• 83 ethics complaints filed against Brett Kavanaugh have been dismissed now that he's a confirmed Supreme Court Justice. "All of the ethics complaints filed against Justice Brett Kavanaugh during his confirmation proceedings were dismissed on Tuesday after a panel of federal judges concluded that Kavanaugh is no longer covered by the judiciary's disciplinary process. While Kavanaugh's nomination was pending over the summer and into the fall, dozens of ethics complaints were filed against him, including allegations that he hadn't been truthful when he testified before the Senate during his confirmation hearings, and that his fiery criticism of Democrats and his other detractors at a hearing on the sexual assault and harassment allegations against him in September showed bias and a lack of judicial temperament." (BuzzFeed)
  • In commercialization push, the Department of Defense is starting to declassify space traffic data. "Not many people need direct access to what the U.S. military calls “space situational awareness,” a fancy term for knowing what man-made objects are in space, and where. But those with an eye on Earth’s orbit now have access to a trove of never-before-seen data about space objects that before now the government has kept secret. The declassification effort, announced in October, yielded another release of data last week." (Popular Mechanics)

states and cities

  • Looking to give back this holiday season? Check out this map of all the Toys for Tots drop off locations around the United States. "Spoiled by a constant flow of information and trivia, when some bit of information is not quickly available on the Internet — heaven forbid — we get mad. Well, some of us. Others take action. Just look at John Kramlich, who noticed that the charity organization Toys for Tots didn’t have an easily searchable map of places where folks could drop off donations in his community. It was Christmastime last year, and Kramlich set out to change this during a meeting of OpenSTL, which is the civic tech group where he lives in St. Louis, Mo." (Government Technology)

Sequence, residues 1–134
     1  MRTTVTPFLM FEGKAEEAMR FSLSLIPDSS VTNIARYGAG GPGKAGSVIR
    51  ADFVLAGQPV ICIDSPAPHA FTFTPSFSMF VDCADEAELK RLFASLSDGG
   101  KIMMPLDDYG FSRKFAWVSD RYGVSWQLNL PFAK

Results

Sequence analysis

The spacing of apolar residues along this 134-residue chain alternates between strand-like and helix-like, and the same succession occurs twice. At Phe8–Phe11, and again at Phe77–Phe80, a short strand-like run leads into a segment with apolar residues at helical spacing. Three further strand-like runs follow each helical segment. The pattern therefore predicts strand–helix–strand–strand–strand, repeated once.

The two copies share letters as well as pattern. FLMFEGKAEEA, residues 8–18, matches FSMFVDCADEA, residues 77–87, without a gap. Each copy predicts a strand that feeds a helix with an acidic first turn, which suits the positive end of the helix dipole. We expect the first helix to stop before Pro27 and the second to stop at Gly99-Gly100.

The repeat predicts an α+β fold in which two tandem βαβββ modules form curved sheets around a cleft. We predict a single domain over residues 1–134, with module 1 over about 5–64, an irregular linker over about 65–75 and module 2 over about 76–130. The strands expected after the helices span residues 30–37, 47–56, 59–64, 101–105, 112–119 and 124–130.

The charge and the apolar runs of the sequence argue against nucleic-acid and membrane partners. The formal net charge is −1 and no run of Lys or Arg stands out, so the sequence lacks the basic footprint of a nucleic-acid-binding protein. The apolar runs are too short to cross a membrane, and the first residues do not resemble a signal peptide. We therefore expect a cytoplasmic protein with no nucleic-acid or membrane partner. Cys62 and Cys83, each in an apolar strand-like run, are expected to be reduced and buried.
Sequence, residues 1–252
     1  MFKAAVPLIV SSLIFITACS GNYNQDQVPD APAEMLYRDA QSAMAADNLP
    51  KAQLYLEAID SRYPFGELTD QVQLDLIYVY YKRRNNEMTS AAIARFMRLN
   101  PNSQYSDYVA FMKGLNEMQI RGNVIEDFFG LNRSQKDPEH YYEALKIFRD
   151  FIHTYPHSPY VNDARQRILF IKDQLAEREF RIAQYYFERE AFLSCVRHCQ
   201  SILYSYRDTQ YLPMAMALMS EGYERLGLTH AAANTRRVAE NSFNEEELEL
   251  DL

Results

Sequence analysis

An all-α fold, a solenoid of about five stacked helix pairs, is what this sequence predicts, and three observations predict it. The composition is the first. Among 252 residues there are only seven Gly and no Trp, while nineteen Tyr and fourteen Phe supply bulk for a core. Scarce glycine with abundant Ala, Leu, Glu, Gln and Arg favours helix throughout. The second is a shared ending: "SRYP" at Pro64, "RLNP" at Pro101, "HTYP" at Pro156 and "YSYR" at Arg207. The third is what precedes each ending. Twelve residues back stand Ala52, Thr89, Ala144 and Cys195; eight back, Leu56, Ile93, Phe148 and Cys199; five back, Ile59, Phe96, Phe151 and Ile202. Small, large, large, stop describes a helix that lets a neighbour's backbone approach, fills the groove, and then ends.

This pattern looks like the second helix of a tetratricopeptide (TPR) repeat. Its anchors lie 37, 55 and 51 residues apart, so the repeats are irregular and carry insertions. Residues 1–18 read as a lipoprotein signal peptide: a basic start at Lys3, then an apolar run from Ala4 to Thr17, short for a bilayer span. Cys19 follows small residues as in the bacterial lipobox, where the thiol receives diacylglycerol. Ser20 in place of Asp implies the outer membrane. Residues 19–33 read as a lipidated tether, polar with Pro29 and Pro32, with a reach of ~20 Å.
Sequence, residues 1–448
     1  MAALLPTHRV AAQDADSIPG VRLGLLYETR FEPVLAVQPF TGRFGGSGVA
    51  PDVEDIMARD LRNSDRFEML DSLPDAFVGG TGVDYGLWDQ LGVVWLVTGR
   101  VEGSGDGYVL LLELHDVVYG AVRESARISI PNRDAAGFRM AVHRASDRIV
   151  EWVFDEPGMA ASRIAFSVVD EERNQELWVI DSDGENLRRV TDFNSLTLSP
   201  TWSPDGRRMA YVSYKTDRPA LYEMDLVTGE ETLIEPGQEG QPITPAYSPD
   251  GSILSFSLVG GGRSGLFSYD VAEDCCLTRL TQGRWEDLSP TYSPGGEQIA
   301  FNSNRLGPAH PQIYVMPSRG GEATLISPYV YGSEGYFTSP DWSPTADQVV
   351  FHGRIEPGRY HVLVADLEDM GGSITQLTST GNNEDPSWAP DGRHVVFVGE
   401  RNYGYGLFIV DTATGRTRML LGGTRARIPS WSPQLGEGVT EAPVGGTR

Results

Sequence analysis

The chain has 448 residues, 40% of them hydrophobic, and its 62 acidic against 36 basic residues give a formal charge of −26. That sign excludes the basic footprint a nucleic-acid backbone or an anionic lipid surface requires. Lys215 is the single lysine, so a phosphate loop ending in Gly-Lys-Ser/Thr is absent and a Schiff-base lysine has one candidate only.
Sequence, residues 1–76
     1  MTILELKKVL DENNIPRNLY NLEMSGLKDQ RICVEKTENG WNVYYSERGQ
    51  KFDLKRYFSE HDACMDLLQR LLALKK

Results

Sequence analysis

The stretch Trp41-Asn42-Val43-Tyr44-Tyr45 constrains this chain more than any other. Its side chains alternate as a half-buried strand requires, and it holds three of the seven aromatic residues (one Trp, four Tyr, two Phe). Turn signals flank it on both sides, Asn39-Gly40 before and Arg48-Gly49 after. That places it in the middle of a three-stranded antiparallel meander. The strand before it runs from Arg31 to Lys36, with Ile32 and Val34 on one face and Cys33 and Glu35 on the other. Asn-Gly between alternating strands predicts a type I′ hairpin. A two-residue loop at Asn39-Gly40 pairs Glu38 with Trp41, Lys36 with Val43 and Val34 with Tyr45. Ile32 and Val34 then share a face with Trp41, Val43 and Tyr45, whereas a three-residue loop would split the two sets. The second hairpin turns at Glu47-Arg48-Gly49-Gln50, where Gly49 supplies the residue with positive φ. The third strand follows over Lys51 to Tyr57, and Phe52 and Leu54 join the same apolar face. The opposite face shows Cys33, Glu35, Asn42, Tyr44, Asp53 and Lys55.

• Maine Representative isn't happy voters approved the rank-choiced voting system that resulted in his defeat. Plans to appeal judge's ruling upholding the system. "Rep. Bruce Poliquin is appealing a recent federal judge’s rejection of his lawsuit challenging the constitutionality of ranked-choice voting. Poliquin and three other residents of Maine’s 2nd Congressional District filed a notice of appeal Monday, four days after a U.S. District Court judge dismissed his constitutional arguments and refused to order a new election. Attorneys for Poliquin said they plan to file a brief Tuesday with the 1st U.S. Circuit Court of Appeals in Boston. The two-term Republican lost the 2nd District election to Democratic Rep.-elect Jared Golden in the nation’s first use of ranked-choice voting to decide a congressional race." (Press Herald)
  • Is your city turning into a "heat island"? Check out this data driven approach to cool it down. "City governments face critical challenges as more and more people move into urban areas, including rising housing costs, traffic congestion and waste generation. For fast-growing cities, particularly those in warmer climates, there is growing awareness of another environmental issue that impacts public health: heat islands…rowing rapidly in the Sun Belt, Dallas is warming faster than all but two large U.S. cities, Louisville and Phoenix, according to one study. Knowing they had to act to stave off a public health crisis, Dallas officials and environmental groups partnered with the Trust for Public Land (TPL), the Texas Tree Foundation (TTF) and several other organizations to develop Smart Growth for Dallas, an initiative to improve the city's social, economic and environmental resilience." (Governing)